Discover 4 impressive benefits of kiwi fruit
With its fuzzy brown peel, brilliant emerald green interior and a taste reminiscent of fresh blueberries and lemons, the kiwi fruit is truly a feast for the senses. Botanically known as Actinidia deliciosa (it even has a version of the word “delicious” in its name!) and also called the Chinese gooseberry, the kiwi fruit delivers numerous potential health benefits along with its tart, sweet taste.
Researchers say that this luscious fruit supports a healthy cardiovascular system, helps to protect vision and even promotes a better complexion. Let’s check out the “nuts and bolts” of kiwi fruit’s constituents, and see exactly why it can deliver so many gifts to health and wellness.
Kiwi fruit is rich in antioxidants
“Antioxidants” appears to be a real buzzword when it comes to discussing the health merits of fruits and vegetables. And, there’s a good reason for it. Antioxidants can neutralize harmful free radicals, also known as reactive oxygen species. These troublesome molecules cause oxidative stress which can trigger cell damage and disease.
Although delivering high levels of antioxidant compounds is “all in a day’s work” for virtually all fruits and vegetables, the kiwi fruit really takes it to the next level - with hesperidin, choline, caffeic acid, chlorogenic acid, quercetin, lutein and zeaxanthin, among others. And, when you factor in kiwi fruit’s relatively high content of vitamins C and E - which are powerful antioxidants in their own right - you’re getting a lot of “bang for your buck.”
Support healthy complexion with kiwi fruit
One medium-sized kiwi contains 64 mg of vitamin C, which is close to the Office of Dietary Supplements’ recommendation for an adult dietary allowance for an entire day. The vitamin C found in kiwi fruit helps to produce collagen, which is needed for healthy, supple skin. (In fact, a recent review of studies showed that collagen supplements can boost skin hydration and elasticity, potentially helping to reduce the appearance of facial wrinkles – a definite “plus” for anyone north of their teens.) Incidentally, vitamin E in kiwi fruit has been found to help protect the skin from sun damage.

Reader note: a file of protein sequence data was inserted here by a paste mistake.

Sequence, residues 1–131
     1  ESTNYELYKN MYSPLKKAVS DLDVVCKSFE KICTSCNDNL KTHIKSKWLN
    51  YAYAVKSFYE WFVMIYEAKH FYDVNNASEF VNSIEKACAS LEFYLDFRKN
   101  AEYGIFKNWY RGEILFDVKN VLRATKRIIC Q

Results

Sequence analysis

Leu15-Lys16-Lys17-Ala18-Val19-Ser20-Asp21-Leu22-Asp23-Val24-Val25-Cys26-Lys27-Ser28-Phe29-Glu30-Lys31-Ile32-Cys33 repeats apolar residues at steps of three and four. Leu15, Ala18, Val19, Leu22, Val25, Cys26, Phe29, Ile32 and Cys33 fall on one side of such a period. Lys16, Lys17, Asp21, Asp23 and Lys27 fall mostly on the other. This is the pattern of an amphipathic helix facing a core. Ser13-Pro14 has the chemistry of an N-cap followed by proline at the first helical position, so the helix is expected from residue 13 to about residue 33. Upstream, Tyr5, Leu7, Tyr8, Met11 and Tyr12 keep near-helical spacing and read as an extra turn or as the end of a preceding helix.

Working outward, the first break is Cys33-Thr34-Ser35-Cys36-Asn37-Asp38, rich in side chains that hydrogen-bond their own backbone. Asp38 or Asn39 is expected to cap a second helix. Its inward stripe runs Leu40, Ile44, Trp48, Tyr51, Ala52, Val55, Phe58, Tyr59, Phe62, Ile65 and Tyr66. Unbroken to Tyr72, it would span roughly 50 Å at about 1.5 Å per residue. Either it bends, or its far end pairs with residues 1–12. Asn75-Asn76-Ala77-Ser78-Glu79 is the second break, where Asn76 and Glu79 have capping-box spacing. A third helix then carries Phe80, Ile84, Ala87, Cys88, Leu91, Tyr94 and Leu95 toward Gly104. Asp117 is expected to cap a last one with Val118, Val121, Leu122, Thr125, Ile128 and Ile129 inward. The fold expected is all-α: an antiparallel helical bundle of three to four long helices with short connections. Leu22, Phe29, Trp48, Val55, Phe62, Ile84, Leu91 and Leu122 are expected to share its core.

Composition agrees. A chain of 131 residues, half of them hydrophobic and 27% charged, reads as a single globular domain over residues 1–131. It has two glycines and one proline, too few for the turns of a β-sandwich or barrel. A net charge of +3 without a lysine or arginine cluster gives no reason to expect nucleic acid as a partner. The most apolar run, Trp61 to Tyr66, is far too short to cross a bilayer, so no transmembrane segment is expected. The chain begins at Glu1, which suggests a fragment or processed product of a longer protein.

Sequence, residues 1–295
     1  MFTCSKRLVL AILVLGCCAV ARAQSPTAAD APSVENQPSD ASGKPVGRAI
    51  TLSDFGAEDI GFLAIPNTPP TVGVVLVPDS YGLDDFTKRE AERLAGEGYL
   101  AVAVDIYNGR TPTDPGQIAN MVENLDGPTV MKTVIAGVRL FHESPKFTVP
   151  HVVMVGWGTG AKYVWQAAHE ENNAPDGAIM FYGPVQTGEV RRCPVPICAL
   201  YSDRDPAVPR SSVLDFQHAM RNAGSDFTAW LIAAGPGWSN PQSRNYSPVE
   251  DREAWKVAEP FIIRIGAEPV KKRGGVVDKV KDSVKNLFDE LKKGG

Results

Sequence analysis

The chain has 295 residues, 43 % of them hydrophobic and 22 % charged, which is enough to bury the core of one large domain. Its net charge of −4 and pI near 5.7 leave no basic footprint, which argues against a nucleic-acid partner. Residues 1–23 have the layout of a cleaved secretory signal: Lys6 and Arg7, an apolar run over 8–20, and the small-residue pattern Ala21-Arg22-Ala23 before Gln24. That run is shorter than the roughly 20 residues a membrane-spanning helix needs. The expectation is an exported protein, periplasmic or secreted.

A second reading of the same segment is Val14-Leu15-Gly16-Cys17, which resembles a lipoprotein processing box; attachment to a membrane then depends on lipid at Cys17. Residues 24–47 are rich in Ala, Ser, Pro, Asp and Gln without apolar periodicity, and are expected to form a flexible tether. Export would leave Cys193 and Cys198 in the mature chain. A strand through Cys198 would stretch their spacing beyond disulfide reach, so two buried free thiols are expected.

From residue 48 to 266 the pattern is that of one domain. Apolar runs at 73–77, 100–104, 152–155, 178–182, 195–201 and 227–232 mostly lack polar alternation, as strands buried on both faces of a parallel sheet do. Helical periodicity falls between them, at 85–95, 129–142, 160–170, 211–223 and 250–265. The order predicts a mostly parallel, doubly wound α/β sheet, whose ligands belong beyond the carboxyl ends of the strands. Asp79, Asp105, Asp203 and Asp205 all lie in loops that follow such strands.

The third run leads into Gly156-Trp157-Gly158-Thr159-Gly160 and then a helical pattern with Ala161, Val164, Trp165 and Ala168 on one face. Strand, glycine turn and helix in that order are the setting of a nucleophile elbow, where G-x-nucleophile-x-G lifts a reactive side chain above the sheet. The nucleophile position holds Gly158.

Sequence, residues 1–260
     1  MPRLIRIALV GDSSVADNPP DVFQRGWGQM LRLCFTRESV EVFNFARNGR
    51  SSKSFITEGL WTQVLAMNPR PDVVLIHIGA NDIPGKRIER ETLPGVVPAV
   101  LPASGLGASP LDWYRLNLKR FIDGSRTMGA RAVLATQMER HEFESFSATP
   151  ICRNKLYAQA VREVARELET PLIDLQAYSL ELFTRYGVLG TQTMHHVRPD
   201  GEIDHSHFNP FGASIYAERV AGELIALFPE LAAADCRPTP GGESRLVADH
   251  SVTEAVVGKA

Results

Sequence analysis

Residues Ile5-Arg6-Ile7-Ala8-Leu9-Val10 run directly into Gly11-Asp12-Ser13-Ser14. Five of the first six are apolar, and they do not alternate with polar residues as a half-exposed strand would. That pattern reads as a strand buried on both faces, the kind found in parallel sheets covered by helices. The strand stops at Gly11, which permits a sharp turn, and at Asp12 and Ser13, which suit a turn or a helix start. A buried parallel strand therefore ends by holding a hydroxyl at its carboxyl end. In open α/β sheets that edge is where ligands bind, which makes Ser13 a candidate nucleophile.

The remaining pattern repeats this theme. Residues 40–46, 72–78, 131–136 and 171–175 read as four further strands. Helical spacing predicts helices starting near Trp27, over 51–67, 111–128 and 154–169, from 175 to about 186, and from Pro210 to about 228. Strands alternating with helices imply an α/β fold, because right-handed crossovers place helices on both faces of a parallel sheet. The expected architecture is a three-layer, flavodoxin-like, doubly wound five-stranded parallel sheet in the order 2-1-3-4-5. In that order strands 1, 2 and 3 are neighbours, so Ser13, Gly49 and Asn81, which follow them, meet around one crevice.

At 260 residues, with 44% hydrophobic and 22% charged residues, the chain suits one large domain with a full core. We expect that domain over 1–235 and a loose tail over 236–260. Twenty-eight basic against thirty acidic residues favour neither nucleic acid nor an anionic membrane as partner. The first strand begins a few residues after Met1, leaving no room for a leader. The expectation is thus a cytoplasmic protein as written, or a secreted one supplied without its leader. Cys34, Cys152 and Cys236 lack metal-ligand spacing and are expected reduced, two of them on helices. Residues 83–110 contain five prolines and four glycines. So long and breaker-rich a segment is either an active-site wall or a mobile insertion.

All in all, kiwi fruit appears to be an outstanding choice for skin health.
Promote heart health
Kiwi fruit contains potassium, an essential mineral which helps to relax blood vessels and lower blood pressure. In addition, each kiwi fruit contains over 2 grams of dietary fiber, contributing to daily intake of this important macronutrient. Higher-fiber diets have been shown to help to lower harmful LDL cholesterol – along with risk of heart disease and colorectal cancer. Dietary fiber may also protect against overeating and binge eating, thereby reducing risk of obesity, which is in itself a risk factor for heart disease.
But, kiwi fruit’s real “secret weapon” against heart disease may be its high content of vitamin K. Researchers have discovered that vitamin K can escort calcium out of the bloodstream and into the bones, where it belongs. This not only promotes bone strength but can help act against artery-clogging plaque deposits and atherosclerosis. An influential new study from Edith Cowan University shows that people who eat a diet rich in vitamin K reduce their risk of atherosclerosis-related heart disease by over 34 percent. With a single kiwi containing a surprising 30 percent of the daily RDA for vitamin K, these succulent fruits are a wise choice for supporting cardiovascular health. (Note: If you take blood-thinning medications, check with your integrative doctor before consuming foods high in vitamin K).
Plant pigments in kiwi fruit are “sunscreen for the eyes”
Kiwi fruit contains lutein and zeaxanthin, carotenoids (natural plant pigments) that help protect against age-related macular degeneration - the thinning of the light-sensing macula in the retina - by filtering out “blue” and ultraviolet light rays. In fact, they are so successful at this task that researchers in a study published just last month in Nutrients called them “sunscreen for the eyes.” It’s not surprising that lutein and zeaxanthin are found in the AREDS (Age-Related Eye Diseases Study) supplement recommended by many ophthalmologists to preserve vision. With 84 mcg of combined lutein and zeaxanthin in each fruit, kiwis are a good source of these protective pigments).
With their gorgeous jewel-tone green color - accented by jet-black (edible) seeds - kiwi fruit make an eye-catching, tasty addition to the table. Add peeled, cut-up kiwi chunks to strawberries, pineapple, mangoes and papaya for a tropical fruit delight – or layer with yogurt and granola for a summer parfait. You can also blend them into a smoothie with apples and pears – or use them to add a sweet, surprising note to salads. Fresh kiwi fruit also shines when used in marinades, sauces and recipes for seafood, poultry or beef.
Incidentally, kiwi fruit just made the Environmental Working Group’s “Clean 15,” a list of foods considered least likely to be contaminated with pesticides.
All things considered, kiwi fruit is a stellar addition to your healthy diet. So, don’t be put off by the fuzzy, brownish peel of the kiwi – a luscious and healthy fruit awaits underneath.
Sources for this article include:ProduceBlueBook.com